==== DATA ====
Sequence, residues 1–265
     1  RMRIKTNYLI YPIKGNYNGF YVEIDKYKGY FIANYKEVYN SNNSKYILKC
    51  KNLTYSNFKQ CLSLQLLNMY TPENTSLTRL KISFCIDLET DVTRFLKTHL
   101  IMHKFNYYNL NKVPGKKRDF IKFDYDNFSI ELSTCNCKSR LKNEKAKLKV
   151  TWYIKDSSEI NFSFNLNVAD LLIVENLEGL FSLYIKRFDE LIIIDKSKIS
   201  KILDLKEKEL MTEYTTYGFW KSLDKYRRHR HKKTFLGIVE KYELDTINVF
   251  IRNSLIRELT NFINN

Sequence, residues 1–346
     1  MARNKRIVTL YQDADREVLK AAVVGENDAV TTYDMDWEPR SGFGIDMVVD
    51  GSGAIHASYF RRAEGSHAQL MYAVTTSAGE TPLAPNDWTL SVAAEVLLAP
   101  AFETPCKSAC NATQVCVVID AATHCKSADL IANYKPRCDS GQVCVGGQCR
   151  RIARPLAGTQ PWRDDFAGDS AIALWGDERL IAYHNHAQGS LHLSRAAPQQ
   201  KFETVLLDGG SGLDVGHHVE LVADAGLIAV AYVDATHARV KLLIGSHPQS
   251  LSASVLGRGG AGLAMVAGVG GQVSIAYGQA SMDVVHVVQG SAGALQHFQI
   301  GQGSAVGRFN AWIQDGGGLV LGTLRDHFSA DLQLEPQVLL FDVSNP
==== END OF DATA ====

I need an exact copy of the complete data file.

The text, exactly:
Sequence, residues 1–265
     1  RMRIKTNYLI YPIKGNYNGF YVEIDKYKGY FIANYKEVYN SNNSKYILKC
    51  KNLTYSNFKQ CLSLQLLNMY TPENTSLTRL KISFCIDLET DVTRFLKTHL
   101  IMHKFNYYNL NKVPGKKRDF IKFDYDNFSI ELSTCNCKSR LKNEKAKLKV
   151  TWYIKDSSEI NFSFNLNVAD LLIVENLEGL FSLYIKRFDE LIIIDKSKIS
   201  KILDLKEKEL MTEYTTYGFW KSLDKYRRHR HKKTFLGIVE KYELDTINVF
   251  IRNSLIRELT NFINN

Sequence, residues 1–346
     1  MARNKRIVTL YQDADREVLK AAVVGENDAV TTYDMDWEPR SGFGIDMVVD
    51  GSGAIHASYF RRAEGSHAQL MYAVTTSAGE TPLAPNDWTL SVAAEVLLAP
   101  AFETPCKSAC NATQVCVVID AATHCKSADL IANYKPRCDS GQVCVGGQCR
   151  RIARPLAGTQ PWRDDFAGDS AIALWGDERL IAYHNHAQGS LHLSRAAPQQ
   201  KFETVLLDGG SGLDVGHHVE LVADAGLIAV AYVDATHARV KLLIGSHPQS
   251  LSASVLGRGG AGLAMVAGVG GQVSIAYGQA SMDVVHVVQG SAGALQHFQI
   301  GQGSAVGRFN AWIQDGGGLV LGTLRDHFSA DLQLEPQVLL FDVSNP